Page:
Collaborative care may help older adults with subthreshold depression: CASPER trial

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At the start of this newly published paper in the Journal of the American Medical Association, Simon Gilbody and colleagues remind us of the misery of depression. It is, now, the second leading cause of disability worldwide. It is also experienced along a continuum, with milder depressive experiences serving as risk factors for later, more severe, difficulties.

Effective and efficient interventions early in the depression trajectory are therefore welcome as they hold out the prospect of preventing future disability and distress. But what, exactly, might these interventions be, and how might they be organised? The CASPER trial set out to answer some of these questions.

Dozens of RCTs suggest that collaborative care can improve depression, but most trials have targeted major depression.

Dozens of RCTs suggest that collaborative care can improve depression, but most trials have targeted major depression.

Methods

CASPER is a big study, involving 705 people aged 65 or over with sub-threshold depression, recruited from 32 primary care practices in the North of England. Initial contact was made via postal questionnaire, and following assessments of eligibility and recruitment, participants were randomised to one of two groups:

  1. Collaborative care with behavioural activation
  2. Treatment as usual

Collaborative care is attracting lots of interest, as earlier posts here, here and here attest. In CASPER it involved a case manager, with either a mental health nursing or graduate psychology background, offering a single face-to-face session and then seven telephone sessions with participants. Case managers had access to supervision, and offered encouragement to participants to adhere to any prescribed medications. They also provided a structured programme of behavioural activation. This is described by NICE as a promising intervention, involving help being given to people to schedule social activities they might otherwise avoid, but is also one that needs further testing. The COBRA trial published last year provided strong evidence for behavioural activation for depression.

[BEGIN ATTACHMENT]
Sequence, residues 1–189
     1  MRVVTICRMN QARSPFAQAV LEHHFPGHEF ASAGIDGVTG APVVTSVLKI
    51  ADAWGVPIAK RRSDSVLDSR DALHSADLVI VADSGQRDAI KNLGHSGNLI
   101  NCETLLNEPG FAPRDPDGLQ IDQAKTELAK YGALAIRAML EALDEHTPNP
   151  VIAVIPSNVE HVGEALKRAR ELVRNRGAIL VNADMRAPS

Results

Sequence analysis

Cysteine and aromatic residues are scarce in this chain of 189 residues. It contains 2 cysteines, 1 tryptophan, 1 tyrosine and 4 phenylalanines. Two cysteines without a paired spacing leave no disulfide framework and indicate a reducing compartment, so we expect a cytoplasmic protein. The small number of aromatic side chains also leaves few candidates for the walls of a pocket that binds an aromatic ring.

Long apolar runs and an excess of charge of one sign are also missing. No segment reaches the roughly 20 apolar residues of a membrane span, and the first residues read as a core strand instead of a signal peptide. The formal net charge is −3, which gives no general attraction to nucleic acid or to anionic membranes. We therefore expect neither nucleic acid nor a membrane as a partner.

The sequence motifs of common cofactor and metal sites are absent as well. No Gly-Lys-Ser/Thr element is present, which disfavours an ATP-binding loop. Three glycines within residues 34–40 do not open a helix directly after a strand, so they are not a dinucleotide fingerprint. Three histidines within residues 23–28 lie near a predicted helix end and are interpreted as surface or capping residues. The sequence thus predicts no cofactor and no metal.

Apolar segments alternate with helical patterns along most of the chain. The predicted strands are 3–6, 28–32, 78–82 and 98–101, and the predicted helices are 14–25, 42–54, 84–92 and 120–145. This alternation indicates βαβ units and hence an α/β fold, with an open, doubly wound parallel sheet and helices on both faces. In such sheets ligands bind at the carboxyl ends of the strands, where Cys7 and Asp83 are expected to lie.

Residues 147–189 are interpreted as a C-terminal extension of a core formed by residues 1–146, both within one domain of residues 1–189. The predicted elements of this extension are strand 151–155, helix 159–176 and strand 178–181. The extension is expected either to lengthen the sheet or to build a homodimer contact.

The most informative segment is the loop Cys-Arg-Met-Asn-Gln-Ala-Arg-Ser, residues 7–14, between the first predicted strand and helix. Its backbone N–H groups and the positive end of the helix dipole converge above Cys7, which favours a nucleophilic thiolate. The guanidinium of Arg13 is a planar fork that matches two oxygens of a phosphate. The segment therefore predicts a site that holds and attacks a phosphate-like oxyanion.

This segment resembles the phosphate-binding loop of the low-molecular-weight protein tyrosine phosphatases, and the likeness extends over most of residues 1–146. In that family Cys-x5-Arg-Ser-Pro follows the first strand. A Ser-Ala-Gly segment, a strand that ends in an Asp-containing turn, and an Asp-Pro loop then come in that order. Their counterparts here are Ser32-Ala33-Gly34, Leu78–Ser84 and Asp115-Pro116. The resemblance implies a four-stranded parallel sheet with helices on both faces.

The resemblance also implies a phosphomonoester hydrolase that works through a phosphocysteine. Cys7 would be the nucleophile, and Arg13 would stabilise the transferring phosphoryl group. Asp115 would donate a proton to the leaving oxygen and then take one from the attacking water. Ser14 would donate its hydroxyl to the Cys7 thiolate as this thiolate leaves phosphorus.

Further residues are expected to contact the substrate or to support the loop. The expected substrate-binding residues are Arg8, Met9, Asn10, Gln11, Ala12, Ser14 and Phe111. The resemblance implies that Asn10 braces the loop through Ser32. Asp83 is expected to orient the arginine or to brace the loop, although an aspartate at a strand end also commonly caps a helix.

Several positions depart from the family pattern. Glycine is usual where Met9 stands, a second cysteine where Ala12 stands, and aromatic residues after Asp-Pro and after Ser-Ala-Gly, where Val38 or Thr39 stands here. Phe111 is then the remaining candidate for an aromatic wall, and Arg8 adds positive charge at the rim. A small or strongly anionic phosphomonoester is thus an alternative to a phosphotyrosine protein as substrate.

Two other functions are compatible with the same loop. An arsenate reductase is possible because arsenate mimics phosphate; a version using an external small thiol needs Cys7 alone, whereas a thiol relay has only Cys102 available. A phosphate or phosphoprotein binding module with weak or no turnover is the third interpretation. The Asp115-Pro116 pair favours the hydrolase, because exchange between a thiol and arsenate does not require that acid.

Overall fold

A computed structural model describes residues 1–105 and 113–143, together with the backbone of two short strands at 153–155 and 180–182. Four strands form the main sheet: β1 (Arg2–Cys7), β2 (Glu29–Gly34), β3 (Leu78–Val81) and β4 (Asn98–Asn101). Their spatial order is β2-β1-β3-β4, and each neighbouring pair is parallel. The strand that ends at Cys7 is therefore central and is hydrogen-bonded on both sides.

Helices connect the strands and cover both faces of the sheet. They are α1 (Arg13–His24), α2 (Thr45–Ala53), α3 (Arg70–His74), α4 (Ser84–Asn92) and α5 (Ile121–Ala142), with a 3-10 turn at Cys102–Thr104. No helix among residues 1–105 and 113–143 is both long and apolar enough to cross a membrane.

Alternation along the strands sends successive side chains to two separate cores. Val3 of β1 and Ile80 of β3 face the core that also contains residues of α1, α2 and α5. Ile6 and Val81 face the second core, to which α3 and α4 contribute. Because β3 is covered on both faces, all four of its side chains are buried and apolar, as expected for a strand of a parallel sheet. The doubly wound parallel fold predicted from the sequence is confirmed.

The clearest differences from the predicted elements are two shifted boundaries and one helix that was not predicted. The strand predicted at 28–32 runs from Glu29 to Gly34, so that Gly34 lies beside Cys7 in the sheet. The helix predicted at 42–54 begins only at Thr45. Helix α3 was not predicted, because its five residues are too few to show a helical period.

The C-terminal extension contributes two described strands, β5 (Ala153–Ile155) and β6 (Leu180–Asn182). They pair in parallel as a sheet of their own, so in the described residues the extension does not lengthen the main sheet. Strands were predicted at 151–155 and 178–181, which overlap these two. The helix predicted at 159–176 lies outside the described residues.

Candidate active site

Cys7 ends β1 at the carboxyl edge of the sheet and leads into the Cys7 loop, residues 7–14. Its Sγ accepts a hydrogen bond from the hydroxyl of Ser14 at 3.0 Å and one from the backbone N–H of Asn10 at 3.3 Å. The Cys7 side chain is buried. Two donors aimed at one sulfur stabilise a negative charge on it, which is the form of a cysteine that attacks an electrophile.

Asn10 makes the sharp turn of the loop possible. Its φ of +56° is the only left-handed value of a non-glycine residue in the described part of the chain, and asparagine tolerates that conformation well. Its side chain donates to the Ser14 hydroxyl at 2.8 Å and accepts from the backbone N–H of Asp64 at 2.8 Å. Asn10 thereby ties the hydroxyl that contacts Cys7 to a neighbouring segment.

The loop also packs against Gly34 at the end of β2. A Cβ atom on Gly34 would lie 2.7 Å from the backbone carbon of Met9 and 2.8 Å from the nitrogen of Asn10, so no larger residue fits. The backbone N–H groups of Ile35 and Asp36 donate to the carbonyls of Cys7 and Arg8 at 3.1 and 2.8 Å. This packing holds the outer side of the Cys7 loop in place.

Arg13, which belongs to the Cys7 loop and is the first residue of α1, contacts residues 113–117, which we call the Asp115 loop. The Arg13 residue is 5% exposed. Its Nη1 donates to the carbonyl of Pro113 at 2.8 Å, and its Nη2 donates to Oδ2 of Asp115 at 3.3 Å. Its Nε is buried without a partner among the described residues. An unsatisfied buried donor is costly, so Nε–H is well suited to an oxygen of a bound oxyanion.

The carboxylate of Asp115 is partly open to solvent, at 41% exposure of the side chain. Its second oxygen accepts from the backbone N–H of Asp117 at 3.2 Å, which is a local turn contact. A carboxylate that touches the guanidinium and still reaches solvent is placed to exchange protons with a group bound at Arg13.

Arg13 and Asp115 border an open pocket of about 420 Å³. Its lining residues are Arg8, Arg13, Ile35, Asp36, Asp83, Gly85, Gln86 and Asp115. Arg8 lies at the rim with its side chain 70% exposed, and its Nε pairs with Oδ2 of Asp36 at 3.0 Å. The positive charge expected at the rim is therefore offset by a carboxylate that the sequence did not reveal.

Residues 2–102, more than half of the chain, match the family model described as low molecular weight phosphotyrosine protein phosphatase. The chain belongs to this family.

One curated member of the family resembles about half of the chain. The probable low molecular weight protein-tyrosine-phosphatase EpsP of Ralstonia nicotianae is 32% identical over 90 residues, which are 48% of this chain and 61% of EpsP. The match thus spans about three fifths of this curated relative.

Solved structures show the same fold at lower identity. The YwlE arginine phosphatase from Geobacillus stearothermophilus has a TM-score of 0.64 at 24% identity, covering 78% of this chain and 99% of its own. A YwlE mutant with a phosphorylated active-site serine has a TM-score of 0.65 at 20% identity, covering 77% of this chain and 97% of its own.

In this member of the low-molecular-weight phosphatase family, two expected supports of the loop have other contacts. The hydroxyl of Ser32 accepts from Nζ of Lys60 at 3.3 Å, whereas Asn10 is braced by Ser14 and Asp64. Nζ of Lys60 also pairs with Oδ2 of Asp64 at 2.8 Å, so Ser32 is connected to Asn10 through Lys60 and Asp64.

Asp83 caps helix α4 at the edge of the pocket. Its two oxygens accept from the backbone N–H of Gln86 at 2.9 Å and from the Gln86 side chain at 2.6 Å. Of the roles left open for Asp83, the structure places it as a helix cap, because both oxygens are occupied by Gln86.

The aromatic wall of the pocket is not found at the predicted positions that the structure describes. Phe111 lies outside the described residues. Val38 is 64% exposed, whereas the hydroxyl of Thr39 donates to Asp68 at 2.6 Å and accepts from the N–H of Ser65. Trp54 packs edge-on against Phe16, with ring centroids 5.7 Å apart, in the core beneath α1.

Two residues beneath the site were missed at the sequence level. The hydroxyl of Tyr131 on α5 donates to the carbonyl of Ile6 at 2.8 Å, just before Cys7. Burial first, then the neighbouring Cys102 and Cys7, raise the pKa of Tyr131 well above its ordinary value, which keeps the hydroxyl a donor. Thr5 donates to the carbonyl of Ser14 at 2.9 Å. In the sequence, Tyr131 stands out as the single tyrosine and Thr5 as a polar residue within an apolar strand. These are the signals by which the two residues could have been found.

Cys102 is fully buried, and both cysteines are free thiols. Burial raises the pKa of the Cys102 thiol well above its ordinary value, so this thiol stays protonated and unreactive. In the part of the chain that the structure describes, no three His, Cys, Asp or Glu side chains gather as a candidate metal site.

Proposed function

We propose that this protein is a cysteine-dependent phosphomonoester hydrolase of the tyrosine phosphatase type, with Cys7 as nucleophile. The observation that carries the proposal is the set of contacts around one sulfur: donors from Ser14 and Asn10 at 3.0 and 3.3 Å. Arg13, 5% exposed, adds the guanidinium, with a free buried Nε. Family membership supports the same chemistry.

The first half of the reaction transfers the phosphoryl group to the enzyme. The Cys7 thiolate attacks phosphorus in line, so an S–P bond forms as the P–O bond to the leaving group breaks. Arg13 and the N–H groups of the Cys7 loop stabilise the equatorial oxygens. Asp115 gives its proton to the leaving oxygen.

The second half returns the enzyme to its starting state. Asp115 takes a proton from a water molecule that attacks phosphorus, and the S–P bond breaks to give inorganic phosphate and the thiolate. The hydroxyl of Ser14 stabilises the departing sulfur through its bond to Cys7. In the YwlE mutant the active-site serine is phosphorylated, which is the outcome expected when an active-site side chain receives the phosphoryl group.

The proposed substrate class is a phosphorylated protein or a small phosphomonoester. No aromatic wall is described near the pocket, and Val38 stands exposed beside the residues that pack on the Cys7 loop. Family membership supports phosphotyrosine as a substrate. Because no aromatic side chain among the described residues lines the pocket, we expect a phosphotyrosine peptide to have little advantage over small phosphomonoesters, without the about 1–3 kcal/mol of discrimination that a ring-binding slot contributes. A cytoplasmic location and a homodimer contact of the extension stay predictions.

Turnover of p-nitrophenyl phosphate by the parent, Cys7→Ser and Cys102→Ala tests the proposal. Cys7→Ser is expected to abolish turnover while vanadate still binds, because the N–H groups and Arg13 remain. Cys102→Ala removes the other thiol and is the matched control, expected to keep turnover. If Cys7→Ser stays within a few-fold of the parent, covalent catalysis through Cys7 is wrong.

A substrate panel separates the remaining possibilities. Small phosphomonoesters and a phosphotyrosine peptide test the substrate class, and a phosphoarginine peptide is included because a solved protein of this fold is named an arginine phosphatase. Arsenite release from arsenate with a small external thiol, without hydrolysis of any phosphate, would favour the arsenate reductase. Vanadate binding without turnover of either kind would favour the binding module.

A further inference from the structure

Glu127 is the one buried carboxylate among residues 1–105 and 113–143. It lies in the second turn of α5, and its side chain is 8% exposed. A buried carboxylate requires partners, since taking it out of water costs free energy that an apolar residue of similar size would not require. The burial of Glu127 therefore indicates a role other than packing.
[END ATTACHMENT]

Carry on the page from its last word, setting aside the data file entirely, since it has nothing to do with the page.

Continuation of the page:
CASPER’s primary outcome was severity and symptoms of depression, measured at four months using the 9-item, self-report, Patient Health Questionnaire (PHQ-9). A variety of secondary outcomes included: PHQ-9 scores at 12 months; the use of PHQ-9 scores at both 4 and 12 months to serve as indicators of depression diagnosis; measures of quality of life and anxiety; and prescription of mental health medications.

Results

At the key four month point collaborative care reduced older people’s self-reported depressive symptoms compared to symptoms reported by those receiving usual care, with statistically significant differences also found at one year follow-up. Harder to judge, as the CASPER team note, is the clinical meaningfulness of these reductions.

Amongst the secondary outcomes, the proportion of participants with PHQ-9 scores of 10 or above (and therefore indicative of depression) at 12 months was lower in the collaborative care group than in the usual care group.

The collaborative care intervention also improved anxiety and functional status compared with usual care.

The brief and relatively inexpensive collaborative care intervention scored well compared with usual care, but the clinical meaning of these reductions is hard to measure.